The poem is called "The Wild Swans at Coole," so it's no surprise that swans pop up all over the place. They are a symbol of beauty, but also of energy and permanence. They don't seem to age the way the speaker does, and they aren't conscious of pain and weariness in the way that the speaker is. Although the swans impress the speaker greatly, they also remind him of the pains of getting old and the inevitability of death. So, it's a mixed bag with these guys.
Lines 5-6: The speaker says there are fifty-nine swans on the water. Ever tried to count animals? They don't hold still while you do. Either this speaker is studying the swans intently, or he's so familiar with them that he knows how many there are to begin with. After all, he's been coming to see them for nineteen autumns.
Lines 10-12: The speaker recounts seeing the swans "mount" into the air. They make a lot of noise (their wings are "clamorous," after all).
Line 13: The swans are described as "brilliant." This suggests that they are luminous, or shiny. They seem to glow with youth and energy.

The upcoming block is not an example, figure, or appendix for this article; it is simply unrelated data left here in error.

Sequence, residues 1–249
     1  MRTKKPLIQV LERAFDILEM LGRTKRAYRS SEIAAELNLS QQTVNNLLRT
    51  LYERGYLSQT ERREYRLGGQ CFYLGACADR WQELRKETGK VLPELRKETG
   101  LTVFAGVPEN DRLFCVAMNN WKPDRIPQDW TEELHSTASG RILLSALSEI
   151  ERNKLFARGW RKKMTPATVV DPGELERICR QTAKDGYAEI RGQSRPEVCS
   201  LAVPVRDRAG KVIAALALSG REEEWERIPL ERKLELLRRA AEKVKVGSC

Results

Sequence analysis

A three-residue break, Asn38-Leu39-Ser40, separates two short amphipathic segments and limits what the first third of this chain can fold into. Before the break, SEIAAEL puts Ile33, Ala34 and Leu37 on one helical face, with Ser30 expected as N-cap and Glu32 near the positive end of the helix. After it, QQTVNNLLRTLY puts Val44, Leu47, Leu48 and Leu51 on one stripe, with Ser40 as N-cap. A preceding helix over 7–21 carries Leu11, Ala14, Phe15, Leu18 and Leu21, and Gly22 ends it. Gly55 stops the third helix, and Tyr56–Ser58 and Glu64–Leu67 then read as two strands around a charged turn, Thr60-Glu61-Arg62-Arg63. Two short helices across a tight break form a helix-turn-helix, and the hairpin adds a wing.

Lines 17-18: The speaker mentions the "bell-beat" of the swans' wings. It seems that the energy and motion of the swans also create an awareness of time (which is what bells toll) in the speaker.
Lines 19-21: The swans "paddle" in the water and "climb" the air. They seem to have an energy and lack of weariness that the speaker really can't identify with.
Line 22: In a synecdoche, the speaker tells us that the swans' "hearts" have not grown old. Presumably, though, the speaker's has.
Lines 23-24: "Passion or conquest" will still "attend" the swans, no matter where they go. In other words, in the speaker's mind these swans will always possess energy and exuberance. Swans don't really possess "passion or conquest." Giving human qualities to a non-human thing—that's called personification.
Lines 25-26: The swans are drifting on the water. They are "mysterious" and "beautiful," but it seems that they have, temporarily anyway, lost the great energy that the speaker admired in previous stanzas. We wonder if this isn't the speaker's effect on them.
Lines 27-30: The speaker wonders where the swans will build new homes and where they will "delight" other people—not him—with their beauty and spirit.